But he won’t always be nine and want to play with me.

So, thanks, Fortnite.

Update– roots of these feelings run deep

This is me and my son. My boy. My buddy.

I’ve thought a lot since my last post. Why my response was so charged. So visceral. So violently protective.

And after looking inward, the anger turned to sorrow, as it usually does. Anger results from fear, and fear comes from a lack of control, and a lack of control makes me into Annie Anxiety and reduces me to a sobbing mess.

So here’s the real deal.

When Derek was born, I slept on the couch while he tried to sleep in his car seat on the floor next to me. It was just the two of us every night dozing and feeding and watching House Hunters all night long.

And he was safe. 

When he was ready for his crib, he had trouble. His breathing would rasp. He would hold his breath and then let it out. All. Night. Long. I half-slept on the floor of his room and spent nights listening to the monitor. Every time he went down on his back, the same thing. 

After a visit to a specialist, we found he had tracheomalacia– where the trachea isn’t rigid enough to stay open, and can be exacerbated by back sleeping.

So I held him as he slept on my chest, upright, on his belly. 

And he was safe.

Advance a couple of years to his toddler preschool class. One night while singing the last song, he broke out in an excruciating scream. He didn’t fall, get hit, or bump anything. I took him home, helped him out of the van, and he was suddenly fine. We went to the doctor anyway and we found out that his elbow joint was loose and could easily dislocate.

She showed me how to put it back into place.

Several days later, I helped him out of the van, and took his arm. Instant screaming and pain. Bill couldn’t stand to try it, so I forced Derek’s arm down in front of him, held the elbow still and flipped his hand to his shoulder to pop it back in. The screaming instantly stopped.

And he was safe.

Like most moms, I have wiped tears, laughed at antics, and walked myself upstairs to stay calm during tantrums. 

He went through a horrible stage when he was four where he was completely defiant. He could make me so mad I would be in tears, and if he felt completely backed into a corner, there was no easy way out for anyone. My patience was tested again, and again, and again, but I knew it would all be worth it eventually. He would learn what battles to fight, and how to fight them.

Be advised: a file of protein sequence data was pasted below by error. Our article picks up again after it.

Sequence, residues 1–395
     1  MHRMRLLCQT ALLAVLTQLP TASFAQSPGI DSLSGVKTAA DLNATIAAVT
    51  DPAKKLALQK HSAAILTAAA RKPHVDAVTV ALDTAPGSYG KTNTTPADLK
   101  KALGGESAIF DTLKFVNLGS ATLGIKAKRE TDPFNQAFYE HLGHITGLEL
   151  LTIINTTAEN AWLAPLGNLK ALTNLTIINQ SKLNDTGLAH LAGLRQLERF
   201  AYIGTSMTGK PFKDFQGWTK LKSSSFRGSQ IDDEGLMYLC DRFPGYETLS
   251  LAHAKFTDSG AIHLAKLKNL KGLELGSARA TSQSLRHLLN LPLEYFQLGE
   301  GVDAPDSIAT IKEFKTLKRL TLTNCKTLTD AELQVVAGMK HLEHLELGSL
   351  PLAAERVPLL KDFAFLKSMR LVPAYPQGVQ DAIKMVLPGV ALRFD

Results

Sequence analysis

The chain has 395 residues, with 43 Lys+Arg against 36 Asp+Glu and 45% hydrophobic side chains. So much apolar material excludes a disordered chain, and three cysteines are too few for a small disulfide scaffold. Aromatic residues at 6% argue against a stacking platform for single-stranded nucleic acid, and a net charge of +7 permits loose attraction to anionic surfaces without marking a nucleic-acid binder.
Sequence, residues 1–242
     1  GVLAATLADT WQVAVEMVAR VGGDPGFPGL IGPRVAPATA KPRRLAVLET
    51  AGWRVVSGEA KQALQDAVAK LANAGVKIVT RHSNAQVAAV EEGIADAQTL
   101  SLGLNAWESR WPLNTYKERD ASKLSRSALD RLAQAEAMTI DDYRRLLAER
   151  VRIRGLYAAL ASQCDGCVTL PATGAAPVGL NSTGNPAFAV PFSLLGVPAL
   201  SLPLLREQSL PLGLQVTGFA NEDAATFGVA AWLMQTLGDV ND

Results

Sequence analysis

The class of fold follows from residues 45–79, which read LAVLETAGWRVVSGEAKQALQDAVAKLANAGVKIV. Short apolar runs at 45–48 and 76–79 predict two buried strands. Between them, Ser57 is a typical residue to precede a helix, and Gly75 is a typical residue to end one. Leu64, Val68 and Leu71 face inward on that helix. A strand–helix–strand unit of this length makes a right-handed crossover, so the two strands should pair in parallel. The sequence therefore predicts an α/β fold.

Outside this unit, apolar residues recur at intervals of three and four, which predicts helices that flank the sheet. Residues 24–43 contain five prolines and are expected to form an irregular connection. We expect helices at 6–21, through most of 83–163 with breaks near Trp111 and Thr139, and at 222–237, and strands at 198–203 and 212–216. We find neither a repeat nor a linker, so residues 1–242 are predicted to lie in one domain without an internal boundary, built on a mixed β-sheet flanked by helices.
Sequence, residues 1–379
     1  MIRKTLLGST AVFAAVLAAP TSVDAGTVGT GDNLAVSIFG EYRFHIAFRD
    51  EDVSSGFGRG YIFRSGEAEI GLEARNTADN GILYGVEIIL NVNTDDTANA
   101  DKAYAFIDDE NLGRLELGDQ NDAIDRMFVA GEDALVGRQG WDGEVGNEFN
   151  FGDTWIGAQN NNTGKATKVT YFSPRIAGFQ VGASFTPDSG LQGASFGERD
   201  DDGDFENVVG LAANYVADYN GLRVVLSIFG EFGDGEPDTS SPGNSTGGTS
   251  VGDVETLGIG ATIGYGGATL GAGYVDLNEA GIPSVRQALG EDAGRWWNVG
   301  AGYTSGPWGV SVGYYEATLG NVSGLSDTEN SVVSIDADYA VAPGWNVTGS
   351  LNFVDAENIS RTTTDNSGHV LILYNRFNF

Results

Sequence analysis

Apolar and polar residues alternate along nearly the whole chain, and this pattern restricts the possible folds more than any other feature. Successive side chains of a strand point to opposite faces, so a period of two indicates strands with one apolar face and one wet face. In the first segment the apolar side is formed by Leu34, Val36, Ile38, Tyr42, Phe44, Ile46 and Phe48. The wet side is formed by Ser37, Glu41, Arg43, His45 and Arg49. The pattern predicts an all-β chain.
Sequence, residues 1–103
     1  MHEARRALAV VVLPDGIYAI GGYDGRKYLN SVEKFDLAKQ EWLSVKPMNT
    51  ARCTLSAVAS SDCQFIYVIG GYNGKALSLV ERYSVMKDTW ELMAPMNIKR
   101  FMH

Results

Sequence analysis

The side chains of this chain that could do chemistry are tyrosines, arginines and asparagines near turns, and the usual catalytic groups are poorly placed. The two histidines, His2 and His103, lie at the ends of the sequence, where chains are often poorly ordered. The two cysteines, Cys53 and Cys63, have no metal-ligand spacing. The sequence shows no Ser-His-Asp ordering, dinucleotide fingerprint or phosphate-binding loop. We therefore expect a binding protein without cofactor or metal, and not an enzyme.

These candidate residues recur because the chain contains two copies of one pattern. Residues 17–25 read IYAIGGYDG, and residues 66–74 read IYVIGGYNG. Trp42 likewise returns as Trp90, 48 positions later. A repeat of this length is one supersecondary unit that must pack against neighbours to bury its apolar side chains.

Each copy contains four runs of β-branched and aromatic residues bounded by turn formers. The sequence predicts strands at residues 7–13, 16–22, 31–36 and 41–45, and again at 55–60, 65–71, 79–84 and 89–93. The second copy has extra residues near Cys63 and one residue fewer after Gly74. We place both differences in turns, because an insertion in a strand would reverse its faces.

And he was safe.

Through it all, he has been my boy. My buddy.

But that time is limited.

One day, I have always known, he will cease to be my boy. He will tromp off with his dad, his friends, and wave bye as he goes.

Without me.

And I also know in my rational brain that this is supposed to happen. That it is good for him. That gaining confidence and independence makes a healthy, functioning, fully adaptive adult.

And I want that for him.

But not yet.

I’m just not ready.

I’m not ready for an empty space next to me in the chair where he now squishes to fit.

I’m not ready for the lack of late I love yous when he’s supposed to be in bed.

I’m not ready for lonely walks around the block with the dog without making him laugh until he cries.

So I’m grieving. 

Ahead of time, yes, but grieving all the same.

My anxiety-idiot brain says he won’t need me. And won’t want me. I’ll be tossed aside like once beloved stuffed animal.

He won’t want my hug. My goodnight kiss. My hand ruffling his sweaty hair after an intense game of Horse.

If there’s one thing I’ve learned and re-learned again and again, it’s that despite all of my planning, I can’t control outcomes. Therapy and medication have tried to beat that into my brain despite years of neural pathways coaxing me that it can be done. 

And in all honesty, for his sake, I can’t want him to stay my boy forever.

Just a little while longer.

Because I’m just not ready.